A study by ‘The Independent‘ looking into the conditions of private hostels and B&Bs in the North-east has revealed ‘a distressing picture of neglect.’
With many suffering from benefit cuts and more and more finding themselves out of home, many charities and councils are referring these people to unregulated private hostels and bed and breakfast accommodation that could see people facing greater risks.
The study found that hostels housing alcoholics often had a licensed bar on site, and those taking in people fighting addiction may be placed with other drug users or dealers. Women were also found to become more vulnerable and were faced with sexual exploitation as according to the report’s author, many young women were placed in the same accommodation as older men or former prisoners out on probation.
“Dealers could get in and deal, or pressure people who owe them money,” explained Sheila Spencer, co-author of the study. “The other thing that’s been really quite shocking is sexual favours: people getting in to provide sexual favours for the people running the hostel, or the people running the hostel could abuse vulnerable women living in there by letting them off their rent [in return for sexual contact].”
It was found that in many private hostels the security was inadequate, meaning that many were subjected to theft, and there was a loss of control over who had access to the building. Other findings highlighted that some homeless clients found that their benefit books were being confiscated by hostel owners. Alongside this many hostel buildings were in a need of repair works with one hostel reported to remain open even with a hole in the roof.
Writing the report on behalf of the North-east Regional Homelessness Group, Ms Spencer said that the situation was also being repeated across the country. A housing adviser in London, who asked to stay anonymous, claimed he knew of B&B owners who blackmailed families, charging them if they stayed with friends or family overnight and threatened to tell the council that housing support was no longer needed for them if they refused to pay up.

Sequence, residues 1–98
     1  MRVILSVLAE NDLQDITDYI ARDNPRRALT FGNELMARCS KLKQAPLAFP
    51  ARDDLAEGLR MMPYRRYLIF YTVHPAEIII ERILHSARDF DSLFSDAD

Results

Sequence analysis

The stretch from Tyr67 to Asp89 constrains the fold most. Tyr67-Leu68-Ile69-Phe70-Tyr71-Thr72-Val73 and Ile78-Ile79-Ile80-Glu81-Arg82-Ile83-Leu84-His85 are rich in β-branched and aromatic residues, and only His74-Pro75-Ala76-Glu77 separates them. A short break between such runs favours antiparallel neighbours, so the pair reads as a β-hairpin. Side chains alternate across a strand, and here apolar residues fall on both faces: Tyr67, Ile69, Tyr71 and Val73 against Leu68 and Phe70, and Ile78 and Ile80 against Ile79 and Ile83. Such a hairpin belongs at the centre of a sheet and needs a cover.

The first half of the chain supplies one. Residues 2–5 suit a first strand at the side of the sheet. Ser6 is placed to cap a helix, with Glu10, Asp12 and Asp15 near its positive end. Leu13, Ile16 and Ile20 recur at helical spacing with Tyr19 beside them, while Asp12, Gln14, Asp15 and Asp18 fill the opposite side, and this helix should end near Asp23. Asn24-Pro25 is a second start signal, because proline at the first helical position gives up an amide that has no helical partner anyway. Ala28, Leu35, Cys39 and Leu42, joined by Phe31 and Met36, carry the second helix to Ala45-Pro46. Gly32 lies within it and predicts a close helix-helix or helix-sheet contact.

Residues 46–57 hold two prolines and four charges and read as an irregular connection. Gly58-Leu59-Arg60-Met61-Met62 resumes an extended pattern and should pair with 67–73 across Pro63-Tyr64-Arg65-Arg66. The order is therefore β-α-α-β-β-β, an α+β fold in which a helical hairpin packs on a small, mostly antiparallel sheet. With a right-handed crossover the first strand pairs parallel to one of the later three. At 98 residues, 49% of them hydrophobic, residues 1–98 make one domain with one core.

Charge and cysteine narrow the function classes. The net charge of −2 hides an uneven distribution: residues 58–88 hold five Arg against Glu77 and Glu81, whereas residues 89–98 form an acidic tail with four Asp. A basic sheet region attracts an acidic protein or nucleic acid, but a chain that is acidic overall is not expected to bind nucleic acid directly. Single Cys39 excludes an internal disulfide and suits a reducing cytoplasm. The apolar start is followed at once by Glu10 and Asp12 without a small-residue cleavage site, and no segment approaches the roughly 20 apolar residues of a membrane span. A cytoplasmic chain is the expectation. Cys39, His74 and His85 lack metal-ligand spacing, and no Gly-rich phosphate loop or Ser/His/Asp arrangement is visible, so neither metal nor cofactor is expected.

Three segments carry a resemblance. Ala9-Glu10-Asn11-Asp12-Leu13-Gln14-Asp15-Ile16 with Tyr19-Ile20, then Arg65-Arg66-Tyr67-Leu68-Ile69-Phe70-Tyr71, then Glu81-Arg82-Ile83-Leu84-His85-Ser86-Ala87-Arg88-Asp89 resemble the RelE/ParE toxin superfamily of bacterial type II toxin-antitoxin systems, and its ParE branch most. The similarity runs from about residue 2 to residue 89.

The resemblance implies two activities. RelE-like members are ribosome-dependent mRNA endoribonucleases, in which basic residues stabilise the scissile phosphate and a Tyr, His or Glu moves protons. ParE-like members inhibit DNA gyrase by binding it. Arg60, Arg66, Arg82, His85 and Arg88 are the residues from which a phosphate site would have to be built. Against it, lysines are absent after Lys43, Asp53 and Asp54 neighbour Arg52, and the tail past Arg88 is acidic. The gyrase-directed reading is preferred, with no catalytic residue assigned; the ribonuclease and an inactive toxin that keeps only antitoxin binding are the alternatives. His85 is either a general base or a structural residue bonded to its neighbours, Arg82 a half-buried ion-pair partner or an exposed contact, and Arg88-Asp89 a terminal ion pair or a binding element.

With the removal of the Supporting People funding stream and austerity cuts alongside new rules that allow councils to place homeless people in private rented accommodation, private homelessness services are now entirely unregulated. All hostel owners only need to apply for a licence to run a house of multiple occupation and may only be inspected once every five years.
A spokesman for the Local Government Association said: “Councils work closely with partners to place people in secure, appropriate accommodation and provide the most comprehensive support they can. However, this is only getting tougher as a result of job losses, rent increases and welfare cuts. Councils could go further and faster to support the development of badly needed new homes while investing in existing ones, if government removed some of the obstacles that stand in their way by giving councils greater financial flexibility.”
A spokesman for the Department of Communities and Local Government said: “There are still a minority of rogue landlords who exploit vulnerable people and force their tenants to live in overcrowded and squalid conditions which is unacceptable, adding the Government has given councils £3m to take on rogue operators in their area.”